Municipal bonds are bonds raised by municipal bodies or local governments for financing core urban infrastructure facilities like drinking water, sanitary systems, solid waste disposal systems, road, hospitals etc. Generally municipal bonds are broadly of two types. Municipal bonds are the ideal instruments for raising resources, channelling funds from capital market into infrastructure development.
They are long-term in nature, unlike bank loans that are of limited tenure of three to five years. The municipal bonds with a longer maturity will increase the urban local bodies’ financing capacities, in addition to providing opportunities for long-gestation infrastructure development. Debt markets also increase urban local bodies’ access to capital for tax supported projects.
The municipal bond had its glimpse in 1997, but still the market for municipal bonds didn’t pick-up. Mere 13 municipal bond issuances have been made so far for an amount of Rs.7.33 billion. Municipal bonds today makeup a miniscule 0.1 per cent of the total Indian bond market compared with 10% in U.S.
The constraints being faced by municipal bond market can be summarized below:
Firstly, the investor perception of municipal governance is poor due to difficulty in analysis of their financial performance.
Secondly, the investor base needs to be broadened by enabling the institutional investors like provident funds, insurance companies and mutual funds to invest in municipal bonds.
Thirdly, credit rating of urban local bodies will help in assessing funds from the capital markets, by making- urban local bodies visible to a wider investor base including foreign investors.
The Urban Development Ministry of the Central Government has proposed to raise the amount a municipal body can raise as tax free municipal bonds for a specific project to Rs.600 crore from the present Rs.300 crore. In addition, it is also proposed that the local bodies would be allowed to raise 100% of funds required for a project as against the present 50%. Although, there is no cap on the amount a municipal body can raise as bonds, except a cap on each individual project.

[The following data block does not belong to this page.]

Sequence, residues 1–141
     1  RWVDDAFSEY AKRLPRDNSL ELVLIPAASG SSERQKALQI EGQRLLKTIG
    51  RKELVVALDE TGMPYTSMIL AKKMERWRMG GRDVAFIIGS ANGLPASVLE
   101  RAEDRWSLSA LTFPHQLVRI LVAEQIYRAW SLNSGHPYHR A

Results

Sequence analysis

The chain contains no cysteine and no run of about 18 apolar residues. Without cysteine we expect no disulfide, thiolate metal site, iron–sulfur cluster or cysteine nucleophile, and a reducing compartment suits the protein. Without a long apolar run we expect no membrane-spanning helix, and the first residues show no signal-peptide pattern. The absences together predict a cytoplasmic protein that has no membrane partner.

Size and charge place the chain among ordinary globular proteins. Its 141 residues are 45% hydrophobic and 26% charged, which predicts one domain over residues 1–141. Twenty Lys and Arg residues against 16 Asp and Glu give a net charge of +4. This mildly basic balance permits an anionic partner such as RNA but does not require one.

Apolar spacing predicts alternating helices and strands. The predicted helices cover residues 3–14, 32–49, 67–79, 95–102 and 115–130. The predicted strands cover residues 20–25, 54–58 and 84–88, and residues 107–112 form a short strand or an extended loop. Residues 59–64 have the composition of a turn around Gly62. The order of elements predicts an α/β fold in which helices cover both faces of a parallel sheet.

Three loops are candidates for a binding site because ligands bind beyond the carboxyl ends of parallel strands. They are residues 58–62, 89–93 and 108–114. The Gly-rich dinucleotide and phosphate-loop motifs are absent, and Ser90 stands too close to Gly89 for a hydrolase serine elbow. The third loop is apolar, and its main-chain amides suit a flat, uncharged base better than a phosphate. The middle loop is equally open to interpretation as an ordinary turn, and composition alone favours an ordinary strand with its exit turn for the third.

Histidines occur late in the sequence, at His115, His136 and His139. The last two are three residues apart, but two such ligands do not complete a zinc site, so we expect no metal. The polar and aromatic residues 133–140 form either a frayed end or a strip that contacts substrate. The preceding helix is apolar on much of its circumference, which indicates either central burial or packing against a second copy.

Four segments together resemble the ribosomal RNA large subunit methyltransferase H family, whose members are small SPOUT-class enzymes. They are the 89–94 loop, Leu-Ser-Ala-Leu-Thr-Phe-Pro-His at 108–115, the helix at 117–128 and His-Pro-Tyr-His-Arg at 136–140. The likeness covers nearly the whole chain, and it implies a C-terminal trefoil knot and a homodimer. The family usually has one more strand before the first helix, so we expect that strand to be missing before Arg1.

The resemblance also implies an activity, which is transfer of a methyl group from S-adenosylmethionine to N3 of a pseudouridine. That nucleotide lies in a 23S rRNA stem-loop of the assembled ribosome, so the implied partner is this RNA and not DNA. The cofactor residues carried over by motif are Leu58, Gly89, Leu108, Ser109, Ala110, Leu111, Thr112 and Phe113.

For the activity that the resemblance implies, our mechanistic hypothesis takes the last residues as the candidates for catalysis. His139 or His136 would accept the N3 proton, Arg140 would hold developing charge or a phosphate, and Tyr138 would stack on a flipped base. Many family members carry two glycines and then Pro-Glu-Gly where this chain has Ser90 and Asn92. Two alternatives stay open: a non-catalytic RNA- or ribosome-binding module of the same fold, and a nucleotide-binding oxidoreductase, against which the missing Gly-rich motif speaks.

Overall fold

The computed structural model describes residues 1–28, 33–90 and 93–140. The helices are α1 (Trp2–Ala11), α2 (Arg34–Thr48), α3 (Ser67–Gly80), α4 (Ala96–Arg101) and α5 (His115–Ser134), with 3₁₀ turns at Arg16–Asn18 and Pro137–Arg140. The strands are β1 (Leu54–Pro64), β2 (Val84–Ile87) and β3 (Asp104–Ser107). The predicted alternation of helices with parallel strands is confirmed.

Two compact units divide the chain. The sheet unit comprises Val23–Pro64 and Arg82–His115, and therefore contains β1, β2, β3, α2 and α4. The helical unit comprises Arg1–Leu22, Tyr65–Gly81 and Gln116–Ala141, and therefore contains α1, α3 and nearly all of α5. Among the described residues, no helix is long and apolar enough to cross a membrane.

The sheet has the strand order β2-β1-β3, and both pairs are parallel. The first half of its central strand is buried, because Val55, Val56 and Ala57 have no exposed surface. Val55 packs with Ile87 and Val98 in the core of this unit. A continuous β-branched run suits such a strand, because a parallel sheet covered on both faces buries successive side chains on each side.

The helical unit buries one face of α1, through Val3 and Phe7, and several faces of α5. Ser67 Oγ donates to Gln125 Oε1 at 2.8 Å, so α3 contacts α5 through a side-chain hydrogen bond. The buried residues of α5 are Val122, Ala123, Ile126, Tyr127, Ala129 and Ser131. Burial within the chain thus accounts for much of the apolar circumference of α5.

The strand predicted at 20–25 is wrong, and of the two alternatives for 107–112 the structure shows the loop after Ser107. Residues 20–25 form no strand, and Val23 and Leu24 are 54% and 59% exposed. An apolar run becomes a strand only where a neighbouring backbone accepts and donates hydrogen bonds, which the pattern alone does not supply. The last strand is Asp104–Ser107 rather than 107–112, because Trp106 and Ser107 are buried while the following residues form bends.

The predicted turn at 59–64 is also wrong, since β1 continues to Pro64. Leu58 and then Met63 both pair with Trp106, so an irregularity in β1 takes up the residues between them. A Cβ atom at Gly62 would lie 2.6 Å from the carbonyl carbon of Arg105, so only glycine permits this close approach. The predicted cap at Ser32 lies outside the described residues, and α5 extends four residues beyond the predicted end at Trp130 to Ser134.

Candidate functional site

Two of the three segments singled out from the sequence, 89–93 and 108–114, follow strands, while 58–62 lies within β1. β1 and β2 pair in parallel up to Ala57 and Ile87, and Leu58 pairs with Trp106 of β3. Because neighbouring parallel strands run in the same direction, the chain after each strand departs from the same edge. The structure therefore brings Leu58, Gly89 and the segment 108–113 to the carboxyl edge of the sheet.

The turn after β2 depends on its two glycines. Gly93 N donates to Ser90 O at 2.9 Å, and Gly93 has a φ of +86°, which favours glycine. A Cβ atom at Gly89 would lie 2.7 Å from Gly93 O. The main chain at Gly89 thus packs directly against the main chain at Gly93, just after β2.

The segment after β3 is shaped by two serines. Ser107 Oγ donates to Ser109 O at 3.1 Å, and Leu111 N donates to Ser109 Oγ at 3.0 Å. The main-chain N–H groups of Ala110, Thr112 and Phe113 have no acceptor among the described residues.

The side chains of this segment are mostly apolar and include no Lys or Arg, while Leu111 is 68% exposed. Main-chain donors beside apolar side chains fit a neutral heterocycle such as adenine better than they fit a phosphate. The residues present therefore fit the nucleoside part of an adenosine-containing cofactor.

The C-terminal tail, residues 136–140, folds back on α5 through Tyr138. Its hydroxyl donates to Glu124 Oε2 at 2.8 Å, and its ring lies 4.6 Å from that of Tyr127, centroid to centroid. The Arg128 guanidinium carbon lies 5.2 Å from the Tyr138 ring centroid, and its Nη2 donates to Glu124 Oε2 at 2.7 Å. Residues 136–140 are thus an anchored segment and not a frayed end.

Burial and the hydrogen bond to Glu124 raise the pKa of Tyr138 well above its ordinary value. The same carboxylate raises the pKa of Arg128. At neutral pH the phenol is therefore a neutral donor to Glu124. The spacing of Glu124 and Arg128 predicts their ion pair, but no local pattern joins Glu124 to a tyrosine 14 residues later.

1. General Obligation Bonds (GOBs):
GOBs secured by the ‘full faith and credit’ of the local body. In other words, debts repayment is based on the overall credit standing and revenue sources of the municipality. These kinds of issues are more favoured by the corporations who have consistent stream of revenues currently and have sufficient debt-servicing capacity. GOBs are usually issued for shorter maturities.
2. Revenue Bonds (RBs):
RBs on the other hand are project specific and can, therefore, be issued by Municipalities or by Special Purpose Vehicles (SPV) created for the purpose of setting up of specific projects. Here the debt is serviced from the income stream generated by the project. The investor profile for the municipal bond market would be a combination of institutional and individual investors.
Municipal bonds are bonds issued by any municipal organization including cities, towns etc. The purpose of these bonds is for general expenditures or to fund specific projects such as highways, new schools etc. The development of a municipal bond market to finance long-term capital investments in urban basic services is a recent phenomenon in the Indian markets. Most of the bond issues by municipal corporations have been through private placements and have been issued as ‘structured obligations’ (SOs).
Structured obligations are a special category of ‘general obligation bonds’ that are issued based on overall financial health of the municipal bodies with certain revenue sources mortgaged for repayment purposes. Generally, municipal bonds are considered safer than corporate bonds because a local government is far less likely to go bankrupt than a corporation.